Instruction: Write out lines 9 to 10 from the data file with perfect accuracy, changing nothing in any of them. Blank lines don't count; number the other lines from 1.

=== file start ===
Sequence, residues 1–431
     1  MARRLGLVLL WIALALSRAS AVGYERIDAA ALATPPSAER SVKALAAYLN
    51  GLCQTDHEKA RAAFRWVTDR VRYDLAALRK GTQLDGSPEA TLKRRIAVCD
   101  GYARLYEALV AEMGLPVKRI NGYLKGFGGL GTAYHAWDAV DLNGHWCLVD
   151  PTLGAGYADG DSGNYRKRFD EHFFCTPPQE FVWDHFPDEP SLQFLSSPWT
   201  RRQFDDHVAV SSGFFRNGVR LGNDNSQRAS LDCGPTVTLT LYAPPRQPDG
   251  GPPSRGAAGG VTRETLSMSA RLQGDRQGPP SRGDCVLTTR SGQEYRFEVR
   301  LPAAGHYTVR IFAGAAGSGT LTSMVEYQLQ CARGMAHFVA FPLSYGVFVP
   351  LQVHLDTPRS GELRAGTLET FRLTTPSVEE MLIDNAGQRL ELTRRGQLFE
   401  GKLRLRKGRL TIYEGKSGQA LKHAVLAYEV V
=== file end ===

   351  LQVHLDTPRS GELRAGTLET FRLTTPSVEE MLIDNAGQRL ELTRRGQLFE
   401  GKLRLRKGRL TIYEGKSGQA LKHAVLAYEV V